A loved one has died and you have been given the special task of presenting the eulogy. This is an honourable responsibility to be able to give a fitting tribute of a person who is loved by all who are present.
Writing is not a strength we all hold. You may be thrown into a panic. However, remember that you are not alone and the eulogy doesn’t have to be perfect. Family and friends attending the service are compassionate and understand that this is a very emotional task and are there to support you.
To help you in preparing the eulogy, Sylvan staff have generated the following guide.
Generally the eulogy is 5 to 10 minutes in length. While this may seem like a long period, you will find the time is easy to fill with all those precious memories yourself and others have.
Not everybody is gifted with writing, and you may see yourself as this. To deliver a eulogy you need not be a write, but a story teller. Reflect upon the times you have shared stories with family and friends in the lounge room, in the street or at work. Presenting the eulogy is simply another moment of ‘story telling’. As you write, don’t only include your memories, ask others what their memories are also and write these down.
When thinking about what to jot down on paper, perhaps you could present the following information.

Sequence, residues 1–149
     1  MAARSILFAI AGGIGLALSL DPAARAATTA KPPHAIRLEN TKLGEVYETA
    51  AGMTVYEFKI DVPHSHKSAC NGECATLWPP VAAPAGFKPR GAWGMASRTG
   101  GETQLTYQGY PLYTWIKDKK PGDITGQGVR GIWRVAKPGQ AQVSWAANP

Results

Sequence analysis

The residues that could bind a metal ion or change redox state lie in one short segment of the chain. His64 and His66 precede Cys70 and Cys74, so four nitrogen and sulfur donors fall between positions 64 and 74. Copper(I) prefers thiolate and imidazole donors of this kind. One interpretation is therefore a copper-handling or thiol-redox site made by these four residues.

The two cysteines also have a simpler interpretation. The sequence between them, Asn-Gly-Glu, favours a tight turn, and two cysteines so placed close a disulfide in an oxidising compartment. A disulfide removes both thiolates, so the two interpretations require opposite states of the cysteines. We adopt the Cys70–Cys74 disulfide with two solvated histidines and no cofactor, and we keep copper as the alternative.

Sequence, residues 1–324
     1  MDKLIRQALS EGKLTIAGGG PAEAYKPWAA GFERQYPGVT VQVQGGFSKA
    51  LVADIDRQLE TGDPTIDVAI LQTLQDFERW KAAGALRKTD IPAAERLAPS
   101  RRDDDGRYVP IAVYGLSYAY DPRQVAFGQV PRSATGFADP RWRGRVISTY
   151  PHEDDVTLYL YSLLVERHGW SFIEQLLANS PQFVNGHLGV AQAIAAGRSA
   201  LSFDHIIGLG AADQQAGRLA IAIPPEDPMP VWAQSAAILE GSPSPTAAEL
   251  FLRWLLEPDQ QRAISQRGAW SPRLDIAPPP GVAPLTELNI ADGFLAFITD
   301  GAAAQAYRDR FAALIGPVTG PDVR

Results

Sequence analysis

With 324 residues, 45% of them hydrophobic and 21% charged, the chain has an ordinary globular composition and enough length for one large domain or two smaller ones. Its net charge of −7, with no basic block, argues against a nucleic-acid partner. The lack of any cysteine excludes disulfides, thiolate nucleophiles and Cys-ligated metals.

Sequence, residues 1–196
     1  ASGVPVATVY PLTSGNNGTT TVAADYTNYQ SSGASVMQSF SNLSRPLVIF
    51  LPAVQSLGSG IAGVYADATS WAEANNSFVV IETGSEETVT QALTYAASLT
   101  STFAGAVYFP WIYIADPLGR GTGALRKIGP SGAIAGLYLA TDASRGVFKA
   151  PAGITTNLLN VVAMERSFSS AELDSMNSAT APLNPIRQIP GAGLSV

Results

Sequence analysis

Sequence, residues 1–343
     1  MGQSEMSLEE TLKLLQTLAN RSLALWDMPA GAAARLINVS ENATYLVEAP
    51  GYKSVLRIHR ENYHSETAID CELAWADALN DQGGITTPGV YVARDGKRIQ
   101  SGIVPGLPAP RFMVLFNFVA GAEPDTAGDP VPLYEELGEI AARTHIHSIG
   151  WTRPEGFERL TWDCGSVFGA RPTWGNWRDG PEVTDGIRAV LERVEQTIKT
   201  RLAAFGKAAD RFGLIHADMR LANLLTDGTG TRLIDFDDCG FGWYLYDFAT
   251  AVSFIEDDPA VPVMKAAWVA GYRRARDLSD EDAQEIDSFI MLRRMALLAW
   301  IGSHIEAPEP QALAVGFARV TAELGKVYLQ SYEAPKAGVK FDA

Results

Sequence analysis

1. Begin with the person’s history.
(Note the significant events in chronological order: childhood, education, jobs, marriage, children, places lived, holiday destinations, etc.)
2. Gather you stories
Jot down stories which capture your loved one’s character. Your family and friends are there to help you add to these stories. Remember to include stories which others listeners remember and relate to. Even the simplest stories are worthwhile; remembering their love of sweets, the way they drove along the road, their big powerful hug are but a few examples which can help reflect the persons character.
Answers to the following questions may also be useful to be included:
3. Use a theme
It is a wise with any storytelling to use a theme so that the story flows from one to another. For example – a persons love of animals can start with stories about the strays they found whilst a child to opening up their own veterinary practice. By having a theme, this shows the pathway the person took in their life to achieve their goals.
4. Organise your notes
Once you have all your stories, put them in chronological order so that the stories flow from when he person was young to old. We suggest placing short notes of these stories in point form then elaborating on each point to tell the story.
When doing any form of writing it is wise to break it into parts – introduction, body, conclusion.
We realise that this is a very basic guide, and it is difficult to sum up a person’s life in such a short period however we trust this has been helpful.
If you still feel that you are unable to write the eulogy, or feel afraid of public speaking, staff at Sylvan’s are able to help you with this. Philip J. McCormack has made himself available to help those who are struggling with the task of writing and presenting. For his contact details, please give us a call on (07) 3812 4000 and we are more than happy to pass on this information.